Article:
Splitting bar mitzvah responsibilities

Divide and conquer

for The Brooklyn Paper
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Dear Cantor Matt,

How can I get my kid to take more responsibility of his bar mitzvah lessons? Isn’t that what this whole thing is supposed to be about?

— Mom’s Doing It All

Dear Mom,

Yes! Why, when I was that age, I walked to bar mitzvah lessons through two-feet of snow, fighting off grizzly bears. Today’s kids have it way too easy.

Well, there is a little bit of truth in that. Parents do tend to look for ways to make things a little easier for their overworked and over-programmed kids. The average kid is already carefully balancing the constant demands of homework, sports, and other after-school activities that keep him busy all day. Add in the extra time and effort required for lessons and practicing, and that could be enough to tip the balance. What parent wouldn’t try to ease that stress as much as possible?

But Mom, you still have the right idea. The goal of becoming bar mitzvah isn’t memorizing a bunch of prayers and melodies that will be soon forgotten. Instead, it should mark a time when a young person starts thinking — even a little bit — about taking on more responsibility for his own actions and decisions. So, how can you help him do that without wiping your hands together and saying: “Ok, I’m done. It’s all on you now. Good luck with that.”

Here are some strategies you can try that will preserve your sanity and bolster your son’s sense of responsibility:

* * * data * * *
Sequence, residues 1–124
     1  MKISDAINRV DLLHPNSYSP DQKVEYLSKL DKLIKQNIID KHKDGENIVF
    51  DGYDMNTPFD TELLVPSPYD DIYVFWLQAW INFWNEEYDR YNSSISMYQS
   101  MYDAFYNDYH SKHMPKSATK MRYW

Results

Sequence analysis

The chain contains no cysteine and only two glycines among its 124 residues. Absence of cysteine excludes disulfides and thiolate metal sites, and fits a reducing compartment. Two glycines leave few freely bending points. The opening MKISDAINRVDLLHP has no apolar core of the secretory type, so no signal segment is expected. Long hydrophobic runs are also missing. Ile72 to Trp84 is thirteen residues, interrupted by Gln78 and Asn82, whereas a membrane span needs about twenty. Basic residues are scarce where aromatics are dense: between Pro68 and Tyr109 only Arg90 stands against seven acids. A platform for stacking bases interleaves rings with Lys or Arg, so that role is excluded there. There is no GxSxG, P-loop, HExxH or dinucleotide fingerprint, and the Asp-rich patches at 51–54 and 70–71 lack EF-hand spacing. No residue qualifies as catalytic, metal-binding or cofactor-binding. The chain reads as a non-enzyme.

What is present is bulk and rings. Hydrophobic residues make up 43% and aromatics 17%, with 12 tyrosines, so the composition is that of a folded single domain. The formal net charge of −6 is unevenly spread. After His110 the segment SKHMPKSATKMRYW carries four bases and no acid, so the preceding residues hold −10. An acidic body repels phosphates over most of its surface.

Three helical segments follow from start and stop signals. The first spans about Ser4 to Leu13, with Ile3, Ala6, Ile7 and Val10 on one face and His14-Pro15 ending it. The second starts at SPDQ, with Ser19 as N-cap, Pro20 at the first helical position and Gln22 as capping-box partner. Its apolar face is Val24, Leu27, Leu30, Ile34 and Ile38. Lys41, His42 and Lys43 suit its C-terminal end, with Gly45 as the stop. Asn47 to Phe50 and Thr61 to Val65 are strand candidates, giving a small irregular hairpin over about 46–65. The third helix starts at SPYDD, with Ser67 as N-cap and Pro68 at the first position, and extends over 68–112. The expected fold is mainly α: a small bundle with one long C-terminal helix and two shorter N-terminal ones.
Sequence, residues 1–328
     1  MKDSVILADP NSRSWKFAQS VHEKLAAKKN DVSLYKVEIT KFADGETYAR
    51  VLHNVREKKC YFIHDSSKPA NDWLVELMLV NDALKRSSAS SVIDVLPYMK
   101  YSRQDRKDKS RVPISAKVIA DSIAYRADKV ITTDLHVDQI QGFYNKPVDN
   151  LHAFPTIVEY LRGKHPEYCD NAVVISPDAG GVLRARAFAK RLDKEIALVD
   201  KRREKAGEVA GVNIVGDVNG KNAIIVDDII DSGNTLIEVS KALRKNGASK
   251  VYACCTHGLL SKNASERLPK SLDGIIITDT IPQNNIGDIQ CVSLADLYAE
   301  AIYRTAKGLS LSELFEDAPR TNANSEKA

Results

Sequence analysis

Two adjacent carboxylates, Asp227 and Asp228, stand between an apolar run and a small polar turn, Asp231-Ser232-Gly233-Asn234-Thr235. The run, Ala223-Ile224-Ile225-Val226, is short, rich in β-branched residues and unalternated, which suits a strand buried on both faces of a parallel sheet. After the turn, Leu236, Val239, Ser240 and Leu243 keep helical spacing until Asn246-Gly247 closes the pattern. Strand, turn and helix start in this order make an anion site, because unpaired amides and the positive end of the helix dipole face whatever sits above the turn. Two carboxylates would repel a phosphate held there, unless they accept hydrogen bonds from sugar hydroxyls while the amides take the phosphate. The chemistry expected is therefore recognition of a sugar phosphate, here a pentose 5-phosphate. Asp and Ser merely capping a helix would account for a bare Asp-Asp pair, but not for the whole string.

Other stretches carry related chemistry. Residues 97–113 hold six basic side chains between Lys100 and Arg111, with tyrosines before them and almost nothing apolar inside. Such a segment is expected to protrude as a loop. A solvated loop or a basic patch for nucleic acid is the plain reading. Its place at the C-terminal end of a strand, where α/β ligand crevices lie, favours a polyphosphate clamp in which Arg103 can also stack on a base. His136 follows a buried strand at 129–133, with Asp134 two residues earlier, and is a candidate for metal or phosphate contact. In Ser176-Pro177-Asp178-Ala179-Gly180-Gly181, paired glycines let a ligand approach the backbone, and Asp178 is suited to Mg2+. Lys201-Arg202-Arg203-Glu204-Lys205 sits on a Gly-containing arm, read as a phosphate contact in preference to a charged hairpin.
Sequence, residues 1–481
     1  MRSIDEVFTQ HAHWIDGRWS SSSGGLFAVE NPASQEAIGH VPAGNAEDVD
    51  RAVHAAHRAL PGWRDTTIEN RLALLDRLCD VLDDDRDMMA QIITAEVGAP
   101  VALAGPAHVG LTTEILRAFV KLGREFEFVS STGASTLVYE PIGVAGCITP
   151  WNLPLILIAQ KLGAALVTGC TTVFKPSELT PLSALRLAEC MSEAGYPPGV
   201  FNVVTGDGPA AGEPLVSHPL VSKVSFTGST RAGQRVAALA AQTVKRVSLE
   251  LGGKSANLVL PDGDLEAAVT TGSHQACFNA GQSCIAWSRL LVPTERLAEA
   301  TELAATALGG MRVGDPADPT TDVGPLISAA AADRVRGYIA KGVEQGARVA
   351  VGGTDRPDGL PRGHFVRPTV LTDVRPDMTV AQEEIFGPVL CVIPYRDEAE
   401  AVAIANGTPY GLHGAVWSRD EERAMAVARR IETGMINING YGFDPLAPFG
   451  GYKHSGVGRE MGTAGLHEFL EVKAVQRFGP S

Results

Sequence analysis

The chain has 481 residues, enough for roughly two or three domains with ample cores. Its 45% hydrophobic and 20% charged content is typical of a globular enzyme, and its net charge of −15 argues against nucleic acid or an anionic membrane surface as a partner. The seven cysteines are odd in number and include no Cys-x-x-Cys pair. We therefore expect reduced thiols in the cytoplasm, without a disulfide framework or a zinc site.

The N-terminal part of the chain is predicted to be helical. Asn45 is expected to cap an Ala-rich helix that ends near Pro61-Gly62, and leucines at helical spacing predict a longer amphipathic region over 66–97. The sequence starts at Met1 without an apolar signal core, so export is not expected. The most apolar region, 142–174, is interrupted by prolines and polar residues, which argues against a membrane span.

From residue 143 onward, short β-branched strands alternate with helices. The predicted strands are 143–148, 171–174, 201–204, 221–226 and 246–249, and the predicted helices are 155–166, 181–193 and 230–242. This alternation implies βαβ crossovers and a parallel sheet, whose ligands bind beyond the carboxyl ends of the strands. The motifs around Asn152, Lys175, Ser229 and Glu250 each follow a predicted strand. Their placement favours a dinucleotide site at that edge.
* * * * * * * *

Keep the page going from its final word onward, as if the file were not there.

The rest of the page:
Divide and conquer

During the months leading up the big day, there’s a ton of work to get done. You have invitations, party planning, lessons, travel details, seating arrangements, practicing, clothes shopping … it just never seems to end! So take all those tasks and divide them up between parent and child. Decide right now that anything related to bar mitzvah lessons and practicing will be your son’s job. It’s on him to keep track of what he needs to practice and when his lessons are scheduled.

Lost and stay lost

As a cantor, I can’t begin to tell you how many students have come to lessons and told me: “I can’t find my folder.” Then, running a close second to that excuse is the number of times I’ve gotten a call from a parent telling me that Junior lost his materials and asking me to replace them.

I understand that things get misplaced and lost all the time. If something goes missing, and you’ve done everything you can to find it, it’s the kid’s job to call or email the cantor and ‘fess up before the next lesson.

That way it hasn’t become Mom’s problem, and your son will be able to pick up a new set of materials without wasting a lot of time.

That nagging feeling

This is the granddaddy of parent and kid issues. Parents feel like they have to nag their children to practice, while kids complain that their parents are nagging them all the time! The solution? No more nagging. It doesn’t work. It makes everyone miserable and stressed out. If you assume that all practicing and preparation is the bar mitzvah boy’s responsibility, then there’s no reason to get involved at all. Consider it another piece of homework that your child has. He will get it done, just possibly not on the same timetable that you had in mind. Trust me that he’s perfectly well motivated to prepare very well. After all, he knows that he will be the one standing up there singing in front of everyone, not you.

Remember, the more you can sit back and let your kid take care of things without your involvement, the more prepared he will be to tackle the next major hurdle.

Isn’t that a lot better than stressing out over whether he’s ready for his next lesson?

Cantor Matt Axelrod (Congregation Beth Israel, Scotch Plains, NJ) is the author of “Surviving Your Bar/Bat Mitzvah: The Ultimate Insider’s Guide.” He’s always happy to hear from you and he might answer your question in a future column. You can email him at cantormatt@mattaxelrod.com.

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